What is output buffering and why is one using it in PHP?
Output Buffering for Web Developers, a Beginner’s Guide:
Without output buffering (the default), your HTML is sent to the browser in pieces as PHP processes through your script. With output buffering, your HTML is stored in a variable and sent to the browser as one piece at the end of your script.
Advantages of output buffering for Web developers
- Turning on output buffering alone decreases the amount of time it takes to download and render our HTML because it's not being sent to the browser in pieces as PHP processes the HTML.
- All the fancy stuff we can do with PHP strings, we can now do with our whole HTML page as one variable.
- If you've ever encountered the message "Warning: Cannot modify header information - headers already sent by (output)" while setting cookies, you'll be happy to know that output buffering is your answer.
The output of your application should only contain one output encoding. If you have multiple chunks that are encoded differently, then the browser will get a result that it is impossible to work with. Hence the encoding error.
Kohana itself makes already use of the output buffer. If you want to combine that with your ob_gzhandler output buffer, you need to start your buffer before kohana initialized it's own. That's because output buffer are stackable. When kohana has finished it's output buffering, yours will apply:
ob_start('ob_gzhandler'); # your buffer: ob_starts and ends by kohana
So whenever kohana has done some output, these chunks will get passed on into your output callback (
ob_gzhandler()) and will be gz-encoded.
The browser should then only get gz-encoded data as it was the output buffer at the topmost level.
Using ob_gzhandler and manually echo'ing the buffer
If you make use of
ob_start('ob_gzhandler') to let PHP deal with the compression and you then
echo ob_get_clean(), you will create an unreliable output. That's related to how the compression togther with output buffering works:
PHP will buffer chunks of output. That means, PHP starts to compress the output but keeps some bytes to continue compressing. So ob_get_clean() returns the so-far compressed part of the buffer. Often that result is not complete.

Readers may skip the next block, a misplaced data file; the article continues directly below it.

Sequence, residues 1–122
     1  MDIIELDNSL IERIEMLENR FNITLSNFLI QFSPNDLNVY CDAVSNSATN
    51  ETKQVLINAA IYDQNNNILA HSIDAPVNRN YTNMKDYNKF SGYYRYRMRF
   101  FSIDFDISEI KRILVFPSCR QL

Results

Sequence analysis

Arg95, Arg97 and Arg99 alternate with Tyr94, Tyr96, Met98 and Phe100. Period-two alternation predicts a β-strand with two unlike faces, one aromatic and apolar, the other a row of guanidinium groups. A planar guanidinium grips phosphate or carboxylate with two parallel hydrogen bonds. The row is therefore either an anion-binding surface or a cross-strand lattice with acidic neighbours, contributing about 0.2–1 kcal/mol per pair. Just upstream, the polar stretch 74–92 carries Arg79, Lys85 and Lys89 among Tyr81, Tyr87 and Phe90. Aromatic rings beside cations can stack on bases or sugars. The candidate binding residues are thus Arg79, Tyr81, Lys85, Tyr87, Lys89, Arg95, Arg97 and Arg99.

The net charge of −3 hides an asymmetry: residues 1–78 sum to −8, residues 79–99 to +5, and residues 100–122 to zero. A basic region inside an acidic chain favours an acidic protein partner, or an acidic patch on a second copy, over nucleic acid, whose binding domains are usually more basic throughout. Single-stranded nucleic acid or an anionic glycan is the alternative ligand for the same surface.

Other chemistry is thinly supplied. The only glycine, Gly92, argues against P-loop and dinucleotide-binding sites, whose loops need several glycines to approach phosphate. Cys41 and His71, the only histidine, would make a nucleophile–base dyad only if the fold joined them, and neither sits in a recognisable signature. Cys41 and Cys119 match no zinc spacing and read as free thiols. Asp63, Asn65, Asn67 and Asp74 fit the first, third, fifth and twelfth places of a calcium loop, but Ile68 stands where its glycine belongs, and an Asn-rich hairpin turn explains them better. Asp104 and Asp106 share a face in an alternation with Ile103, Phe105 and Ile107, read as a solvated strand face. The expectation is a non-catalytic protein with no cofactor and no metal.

To deal with that, flush the buffer first:
ob_start('ob_gzhandler') OR ob_start(); echo 'eh?'; ob_flush(); $gz = ob_get_clean(); echo $gz;
And ensure you don't have any more output after that.
If you would have PHP reached the end of your script, it would have taken care of that: Flushing and outputting.
Now you need to manually call
ob_flush() to explicitly make PHP push the buffer through the callbacks.
Inspecting HTTP Compression Problems with Curl
As firefox will return an error, another tool to inspect what's causing the encoding error is needed. You can use
curl to track what's going on:
curl --compress -i URL
Will request the URL with compression enabled while displaying all response headers and the body unencoded. This is necessary as PHP transparently enables / disables compression of the
ob_gzhandler callback based on request headers.
A response also shows that PHP will set the needed response headers as well. So no need to specify them manually. That would be even dangerously, because only by calling
ob_start('ob_gzhandler') you can not say if compression is enabled or not.
In case the compression is broken,
curl will give an error description but would not display the body.
Following is such a curl error message provoked with an incompletely generated output by a faulty php script:
HTTP/1.1 200 OK X-Powered-By: PHP/5.3.6 Content-Encoding: gzip ... curl: (23) Error while processing content unencoding: invalid code lengths set
By adding the
--raw switch, you can even peak into the raw response body:
curl --compress --raw -i URL
That can give an impression what's going wrong, like uncompressed parts within the body.
ob_start() at the start of the script before any output (not even an empty space).
When u want to output use
The main differences:
1.) you can use "normal" output syntax, so for example an
echo statement. You don't have to rewrite your problem.
2.) you have better control about the buffering, since buffers can be stacked. You don't have to know about naming conventions and the like, this makes implementations easier where the writing and using side are implemented separate from each other.
3.) no additional logic require to output buffered content, you just
flush. Especially interesting if the output stream is something special. Why burden the controlling scope with dealing with that?
4.) you can use the same output implementation regardless of an output buffer has been created. THis is a question of transparency.
5.) you can 'catch' accidentially out bubbled stuff like warnings and the like and simply swallow it afterwards.
Output buffers are stackable, that is, you may call ob_start() while another ob_start() is active. Just make sure that you call ob_end_flush() the appropriate number of times. If multiple output callback functions are active, output is being filtered sequentially through each of them in nesting order.
So it is perfectly valid to assume that an
ob_end/get will end/return the matching
ob_start(); echo "<div class=outer>"; ob_start(); echo "<div class=inner></div>"; $inner = ob_get_clean(); // <div class=inner></div> echo "</div>"; $outer = ob_get_clean(); // <div class=outer></div>